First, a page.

How to deploy .deb packages into kernel monolithically
Good day, citizens.
Development Distro(s): Debian 5.0 Lenny, Ubuntu Lucid 10.4
Target kernel: 2.6.3x
Kernel build methods:
Debian: command line using make method directives
Ubuntu: Ubuntu Customization Kit
I am attempting to construct a customized 2.6.3x kernel image using kernel source obtained from the kernel.org repository. At the time of image construction, I would also like to deploy several apps / utilities available in the format of .deb packages. In this way, when the initial image installation is performed, these app / utility packages will simultaneously be installed.
Using the Ubuntu Customization Kit, this is achievable as there is a break in the build process that allows packages to be added / removed / upgraded. Actually, I believe that UCK performs this package survey before the image construction actually starts. Unfortunately, this approach is not efficient because regardless of how many "packages" are removed the size of the image is still uncontrolled due to other excessive overhead (drivers, object files, unwanted system directives, etc) be passed into the new image....
On the other hand, we using command line build utilities (build-essential tools) I can scale the kernel image according to my specific need - which is very helpful when building for embedded applications. Using these method also allows me to build the kernel modules per the .config file be referenced for the build. Unfortunately, in this case I do not see a means to simultaneously deploy any additional .deb packages that I want installed in my new kernel.
For example: I would like to create an embedded so-called RTOS environment using the available RTAI package. One of the constraints of my system is the capacity of the primary storage flash ROM where my OS will reside - 64MB. As such, I want to stip out all unneeded resources / references from my kernel. Additionally, I do not want end users to have to manually deploy any packages after boot.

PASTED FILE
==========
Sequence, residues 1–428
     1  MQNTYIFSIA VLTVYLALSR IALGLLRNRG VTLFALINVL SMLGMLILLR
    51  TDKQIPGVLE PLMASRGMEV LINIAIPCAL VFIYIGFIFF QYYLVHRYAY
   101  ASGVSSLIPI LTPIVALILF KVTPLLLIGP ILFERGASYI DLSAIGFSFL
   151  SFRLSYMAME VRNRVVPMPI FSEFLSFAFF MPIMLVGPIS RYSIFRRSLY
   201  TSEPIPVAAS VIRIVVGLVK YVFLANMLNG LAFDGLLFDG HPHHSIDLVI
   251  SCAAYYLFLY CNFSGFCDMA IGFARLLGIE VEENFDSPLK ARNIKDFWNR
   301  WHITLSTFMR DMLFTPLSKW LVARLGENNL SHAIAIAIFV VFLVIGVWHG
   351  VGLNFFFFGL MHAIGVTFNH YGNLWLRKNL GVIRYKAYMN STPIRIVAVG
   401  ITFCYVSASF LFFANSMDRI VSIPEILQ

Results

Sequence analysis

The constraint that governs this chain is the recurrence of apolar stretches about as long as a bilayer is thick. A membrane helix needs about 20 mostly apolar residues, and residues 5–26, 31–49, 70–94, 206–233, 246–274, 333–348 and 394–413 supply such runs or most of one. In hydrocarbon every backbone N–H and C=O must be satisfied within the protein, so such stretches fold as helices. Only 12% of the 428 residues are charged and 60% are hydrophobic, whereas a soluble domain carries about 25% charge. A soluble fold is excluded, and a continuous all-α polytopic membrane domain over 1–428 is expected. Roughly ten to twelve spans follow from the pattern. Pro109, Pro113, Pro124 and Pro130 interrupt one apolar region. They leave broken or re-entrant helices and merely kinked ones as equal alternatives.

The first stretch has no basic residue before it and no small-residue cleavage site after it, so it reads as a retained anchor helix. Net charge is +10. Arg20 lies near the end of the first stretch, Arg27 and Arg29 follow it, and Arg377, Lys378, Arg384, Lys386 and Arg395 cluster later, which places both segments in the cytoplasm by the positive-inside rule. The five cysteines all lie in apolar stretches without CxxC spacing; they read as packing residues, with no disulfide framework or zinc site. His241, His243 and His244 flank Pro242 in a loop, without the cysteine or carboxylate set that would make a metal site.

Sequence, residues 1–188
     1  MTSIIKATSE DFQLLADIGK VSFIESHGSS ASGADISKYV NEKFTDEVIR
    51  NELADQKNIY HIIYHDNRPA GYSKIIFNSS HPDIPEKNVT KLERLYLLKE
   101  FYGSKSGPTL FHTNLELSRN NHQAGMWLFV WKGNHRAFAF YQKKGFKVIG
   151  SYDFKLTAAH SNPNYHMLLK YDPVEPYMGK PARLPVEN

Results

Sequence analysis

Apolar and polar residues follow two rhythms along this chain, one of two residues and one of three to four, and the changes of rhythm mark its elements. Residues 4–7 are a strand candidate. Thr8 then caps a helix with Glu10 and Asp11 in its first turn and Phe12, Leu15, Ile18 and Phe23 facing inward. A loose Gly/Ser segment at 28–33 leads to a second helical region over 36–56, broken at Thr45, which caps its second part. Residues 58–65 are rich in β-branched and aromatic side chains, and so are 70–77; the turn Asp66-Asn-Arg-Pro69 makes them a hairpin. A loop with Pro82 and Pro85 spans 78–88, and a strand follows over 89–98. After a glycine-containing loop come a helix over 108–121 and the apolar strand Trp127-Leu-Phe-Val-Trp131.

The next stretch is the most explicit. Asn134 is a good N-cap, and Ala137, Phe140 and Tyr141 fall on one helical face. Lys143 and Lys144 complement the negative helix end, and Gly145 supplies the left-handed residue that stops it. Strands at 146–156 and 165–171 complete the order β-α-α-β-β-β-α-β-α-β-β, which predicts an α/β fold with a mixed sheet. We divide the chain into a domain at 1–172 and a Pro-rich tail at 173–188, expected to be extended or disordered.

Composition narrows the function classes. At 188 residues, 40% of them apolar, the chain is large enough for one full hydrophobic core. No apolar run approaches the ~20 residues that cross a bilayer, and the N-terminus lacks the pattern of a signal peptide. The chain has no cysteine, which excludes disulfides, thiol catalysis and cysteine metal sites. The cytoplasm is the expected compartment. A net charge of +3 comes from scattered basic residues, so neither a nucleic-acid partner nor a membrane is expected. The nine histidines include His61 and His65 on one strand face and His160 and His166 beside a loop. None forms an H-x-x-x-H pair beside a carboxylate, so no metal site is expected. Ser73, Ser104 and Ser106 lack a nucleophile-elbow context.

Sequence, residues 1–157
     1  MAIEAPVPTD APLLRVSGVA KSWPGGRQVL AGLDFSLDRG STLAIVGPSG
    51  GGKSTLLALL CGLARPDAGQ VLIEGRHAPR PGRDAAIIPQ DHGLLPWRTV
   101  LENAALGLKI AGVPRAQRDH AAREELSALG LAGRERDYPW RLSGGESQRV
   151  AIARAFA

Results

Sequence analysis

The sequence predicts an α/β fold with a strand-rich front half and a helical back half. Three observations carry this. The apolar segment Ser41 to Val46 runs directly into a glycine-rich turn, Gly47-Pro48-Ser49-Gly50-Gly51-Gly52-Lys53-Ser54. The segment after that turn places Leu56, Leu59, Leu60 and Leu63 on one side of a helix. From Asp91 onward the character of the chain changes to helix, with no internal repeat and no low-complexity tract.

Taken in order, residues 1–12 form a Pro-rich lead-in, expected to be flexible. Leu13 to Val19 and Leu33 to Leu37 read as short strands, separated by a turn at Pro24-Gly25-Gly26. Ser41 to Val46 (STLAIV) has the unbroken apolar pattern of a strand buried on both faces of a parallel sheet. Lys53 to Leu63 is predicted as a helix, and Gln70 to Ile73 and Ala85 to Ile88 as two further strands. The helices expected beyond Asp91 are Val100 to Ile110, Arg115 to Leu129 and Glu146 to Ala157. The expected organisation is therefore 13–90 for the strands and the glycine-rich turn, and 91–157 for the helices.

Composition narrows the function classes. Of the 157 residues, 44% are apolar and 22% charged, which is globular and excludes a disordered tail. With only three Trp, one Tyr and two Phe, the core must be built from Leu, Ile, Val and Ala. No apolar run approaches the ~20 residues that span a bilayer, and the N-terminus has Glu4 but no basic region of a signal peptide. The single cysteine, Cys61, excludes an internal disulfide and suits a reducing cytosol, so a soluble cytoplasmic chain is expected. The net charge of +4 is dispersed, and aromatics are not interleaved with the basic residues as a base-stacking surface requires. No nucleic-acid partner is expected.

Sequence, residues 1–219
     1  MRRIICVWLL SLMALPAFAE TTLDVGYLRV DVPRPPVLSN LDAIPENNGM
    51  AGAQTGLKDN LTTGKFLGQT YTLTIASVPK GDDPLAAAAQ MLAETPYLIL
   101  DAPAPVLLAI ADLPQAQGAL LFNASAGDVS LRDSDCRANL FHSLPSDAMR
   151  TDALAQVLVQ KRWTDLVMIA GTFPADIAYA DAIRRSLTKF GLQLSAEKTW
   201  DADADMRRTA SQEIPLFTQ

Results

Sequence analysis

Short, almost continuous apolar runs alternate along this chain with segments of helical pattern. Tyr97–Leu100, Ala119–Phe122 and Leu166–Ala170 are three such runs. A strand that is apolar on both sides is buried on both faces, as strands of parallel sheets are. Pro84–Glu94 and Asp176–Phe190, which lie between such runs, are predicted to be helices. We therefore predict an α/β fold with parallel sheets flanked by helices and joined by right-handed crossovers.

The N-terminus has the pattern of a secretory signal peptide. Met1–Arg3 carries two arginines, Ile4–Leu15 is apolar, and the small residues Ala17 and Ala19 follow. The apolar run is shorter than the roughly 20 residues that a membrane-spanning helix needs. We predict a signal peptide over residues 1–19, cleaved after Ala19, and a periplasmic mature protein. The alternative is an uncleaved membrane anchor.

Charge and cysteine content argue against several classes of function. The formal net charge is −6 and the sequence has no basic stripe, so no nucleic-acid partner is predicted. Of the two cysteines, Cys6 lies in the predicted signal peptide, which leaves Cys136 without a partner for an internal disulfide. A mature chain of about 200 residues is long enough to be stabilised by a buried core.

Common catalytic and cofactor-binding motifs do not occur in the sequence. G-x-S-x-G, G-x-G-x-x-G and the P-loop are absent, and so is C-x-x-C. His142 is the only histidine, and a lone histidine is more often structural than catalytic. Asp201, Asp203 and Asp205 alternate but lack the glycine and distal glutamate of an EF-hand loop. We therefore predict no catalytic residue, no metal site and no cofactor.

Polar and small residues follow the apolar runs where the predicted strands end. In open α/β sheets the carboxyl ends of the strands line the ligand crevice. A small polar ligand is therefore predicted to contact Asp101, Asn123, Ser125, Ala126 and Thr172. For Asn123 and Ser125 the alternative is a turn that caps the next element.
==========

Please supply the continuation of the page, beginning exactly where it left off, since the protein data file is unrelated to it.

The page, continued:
I have an idea how to do this, but am unsure with the exact implementation. My thoughts....
1. extract kernel soruce to build directory
2. create filesystem (?)
3. chroot to filesystem root (?)
4. use package manager (dpkg, apt-get, aptitude, etc) to download and install package on chroot'd filesystem
5. exit chroot
6. use build tools to build new kernel image.
Any help on this would be much appreciated. Thanks in advance.
Practical Task Scheduling Deployment
July 20, 2016 12:00 pm CDT
One of the best things about the UNIX environment (aside from being stable and efficient) is the vast array of software tools available to help you do your job. Traditionally, a UNIX tool does only one thing, but does that one thing very well. For example, grep is very easy to use and can search vast amounts of data quickly. The find tool can find a particular file or files based on all kinds of criteria. It's pretty easy to string these tools together to build even more powerful tools, such as a tool that finds all of the .log files in the /home directory and searches each one for a particular entry. This erector-set mentality allows UNIX system administrators to seem to always have the right tool for the job.
Cron traditionally has been considered another such a tool for job scheduling, but is it enough? This webinar considers that very question. The first part builds on a previous Geek Guide, Beyond Cron, and briefly describes how to know when it might be time to consider upgrading your job scheduling infrastructure. The second part presents an actual planning and implementation framework.
Join Linux Journal's Mike Diehl and Pat Cameron of Help Systems.
Free to Linux Journal readers.Register Now!
- SUSE LLC's SUSE Manager
- My +1 Sword of Productivity
- Managing Linux Using Puppet
- Tech Tip: Really Simple HTTP Server with Python
- Murat Yener and Onur Dundar's Expert Android Studio (Wrox)
- Non-Linux FOSS: Caffeine!
- Rogue Wave Software's Zend Server
- Returning Values from Bash Functions
- Parsing an RSS News Feed with a Bash Script
- Doing for User Space What We Did for Kernel Space
With all the industry talk about the benefits of Linux on Power and all the performance advantages offered by its open architecture, you may be considering a move in that direction. If you are thinking about analytics, big data and cloud computing, you would be right to evaluate Power. The idea of using commodity x86 hardware and replacing it every three years is an outdated cost model. It doesn’t consider the total cost of ownership, and it doesn’t consider the advantage of real processing power, high-availability and multithreading like a demon.
This ebook takes a look at some of the practical applications of the Linux on Power platform and ways you might bring all the performance power of this open architecture to bear for your organization. There are no smoke and mirrors here—just hard, cold, empirical evidence provided by independent sources. I also consider some innovative ways Linux on Power will be used in the future.Get the Guide